These days, I'm still trolling through The Book looking for dishes that I can cook on the weekend that my wife and I can eat for dinner throughout the week. (With a ten-week old baby, we still haven't found the time get back into the routine of weeknight cooking.)
The Book's headnotes for this recipe* includes a little Bible story. Apparently, in the Old Testament, Esau gave up his birthright to his brother Jacob for a bowl of lentil soup. This dish was good, and all, but I don't think that I'd give up an inheritance for it ... that is, if I had a rich uncle, which I don't think that I do. While the lentil may have strong Hebrew roots, this particular dish is based on an Indian classic called khichri.
First, I sliced up a pound of onions really thin. That's a lot of onions, a lot of slicing, and yes, a lot of tears. I used to think that they were kind of silly, but less than half-way through my slicing, I really wished I had a pair of these onion goggles. The sliced onions went into a cast-iron pan with about two cups of hot oil. I fried the onions in two batches. The first was a little overdone; the second a little underdone. I tossed them all together, seasoned them with some salt and pepper, and believe it or not, the result was fine. They were crispy, and had a niced caramelized flavor. I set them aside until the rest of the dish was finished.
Next, I cooked the lentils by putting them in cold water, bringing them to a boil and then simmering for a little while. Then I drained and rinsed them, and set them aside.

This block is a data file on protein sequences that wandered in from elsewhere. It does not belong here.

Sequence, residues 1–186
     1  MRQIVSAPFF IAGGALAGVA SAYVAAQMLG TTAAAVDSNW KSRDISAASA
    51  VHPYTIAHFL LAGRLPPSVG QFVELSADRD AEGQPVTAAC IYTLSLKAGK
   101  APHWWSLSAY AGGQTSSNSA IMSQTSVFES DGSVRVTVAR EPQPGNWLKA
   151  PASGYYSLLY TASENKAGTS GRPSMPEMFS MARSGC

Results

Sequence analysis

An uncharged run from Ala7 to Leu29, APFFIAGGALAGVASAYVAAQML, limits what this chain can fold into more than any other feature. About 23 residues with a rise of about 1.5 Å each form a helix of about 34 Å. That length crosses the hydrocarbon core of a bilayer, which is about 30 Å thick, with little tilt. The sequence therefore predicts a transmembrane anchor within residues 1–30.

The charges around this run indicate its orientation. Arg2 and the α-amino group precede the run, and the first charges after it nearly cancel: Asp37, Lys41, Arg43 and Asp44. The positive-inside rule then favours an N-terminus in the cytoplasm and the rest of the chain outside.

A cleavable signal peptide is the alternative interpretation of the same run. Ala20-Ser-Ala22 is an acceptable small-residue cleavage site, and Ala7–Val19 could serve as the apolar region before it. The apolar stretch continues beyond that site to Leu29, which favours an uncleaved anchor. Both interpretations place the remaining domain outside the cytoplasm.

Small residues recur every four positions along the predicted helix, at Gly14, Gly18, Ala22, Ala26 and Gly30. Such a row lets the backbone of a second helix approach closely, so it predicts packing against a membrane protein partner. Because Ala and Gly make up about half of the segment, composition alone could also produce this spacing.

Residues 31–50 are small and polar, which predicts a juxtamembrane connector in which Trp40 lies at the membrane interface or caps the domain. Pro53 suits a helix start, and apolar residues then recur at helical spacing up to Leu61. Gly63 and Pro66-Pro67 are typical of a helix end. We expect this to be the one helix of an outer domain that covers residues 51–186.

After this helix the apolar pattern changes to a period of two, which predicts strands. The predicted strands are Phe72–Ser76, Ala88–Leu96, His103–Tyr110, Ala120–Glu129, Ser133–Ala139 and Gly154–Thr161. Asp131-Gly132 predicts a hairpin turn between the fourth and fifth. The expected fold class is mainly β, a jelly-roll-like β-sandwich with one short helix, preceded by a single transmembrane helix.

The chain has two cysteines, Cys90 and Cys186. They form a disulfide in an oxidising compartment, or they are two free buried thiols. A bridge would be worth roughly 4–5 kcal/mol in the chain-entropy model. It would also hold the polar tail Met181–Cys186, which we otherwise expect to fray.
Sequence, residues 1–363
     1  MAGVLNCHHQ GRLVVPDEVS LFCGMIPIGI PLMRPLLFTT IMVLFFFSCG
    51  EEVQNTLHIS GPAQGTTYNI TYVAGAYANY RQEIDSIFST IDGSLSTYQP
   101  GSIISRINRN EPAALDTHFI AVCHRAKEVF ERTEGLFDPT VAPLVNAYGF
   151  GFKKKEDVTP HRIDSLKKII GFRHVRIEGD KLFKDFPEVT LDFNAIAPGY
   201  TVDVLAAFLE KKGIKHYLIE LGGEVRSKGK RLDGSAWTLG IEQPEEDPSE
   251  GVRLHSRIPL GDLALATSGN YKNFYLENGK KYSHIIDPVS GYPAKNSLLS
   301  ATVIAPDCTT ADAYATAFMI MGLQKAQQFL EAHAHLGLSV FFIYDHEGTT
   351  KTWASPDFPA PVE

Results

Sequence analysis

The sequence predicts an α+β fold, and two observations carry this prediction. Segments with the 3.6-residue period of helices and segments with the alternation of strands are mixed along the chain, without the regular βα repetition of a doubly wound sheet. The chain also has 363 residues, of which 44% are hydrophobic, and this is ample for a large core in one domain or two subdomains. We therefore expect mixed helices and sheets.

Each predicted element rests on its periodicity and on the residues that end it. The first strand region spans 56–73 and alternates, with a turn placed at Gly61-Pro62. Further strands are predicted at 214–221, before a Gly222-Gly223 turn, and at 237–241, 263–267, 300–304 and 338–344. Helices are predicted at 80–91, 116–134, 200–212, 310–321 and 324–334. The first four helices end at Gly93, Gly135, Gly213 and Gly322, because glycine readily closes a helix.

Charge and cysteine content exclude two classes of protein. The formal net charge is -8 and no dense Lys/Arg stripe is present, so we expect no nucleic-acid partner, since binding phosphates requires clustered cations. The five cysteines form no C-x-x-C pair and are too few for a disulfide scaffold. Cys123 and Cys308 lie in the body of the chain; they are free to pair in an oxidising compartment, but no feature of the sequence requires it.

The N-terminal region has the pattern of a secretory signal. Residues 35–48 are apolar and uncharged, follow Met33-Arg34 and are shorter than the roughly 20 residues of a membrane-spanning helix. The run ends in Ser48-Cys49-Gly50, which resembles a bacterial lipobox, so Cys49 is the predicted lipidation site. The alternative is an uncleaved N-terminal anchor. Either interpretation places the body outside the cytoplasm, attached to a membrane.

Then I toasted some dry rice in a little oil with some curry power and cayenne pepper. Once it was nice and fragrant, I added some water, brought it to a boil and cooked it until the rice was done.
To finish the dish, I fluffed the cooked rice and stirred in the lentils and plenty of chopped parsley. I topped it off with some of the fried onions and some leftover cooked chicken. (The Book says that this dish is good with lamb, too.)
This was a pretty good dish. The curry flavor was excellent, and the rice and lentils were perfectly cooked. The fried onions were a very nice touch. But this was the first time I've ever deep fried anything, and I've got one question that I haven't been able to find an answer to. What do I do with the used cooking oil? I strained it and put it in a container in my refirgerator. It seems like an awful lot of oil to just pour down the drain (will it clog the pipes?), but I don't know if I can re-use it either. If you've got any insights, put 'em in the comments.
Date Cooked: March 1, 2009
Degree of Difficulty: Medium
*This recipe is not on epicurious.com.
2 years ago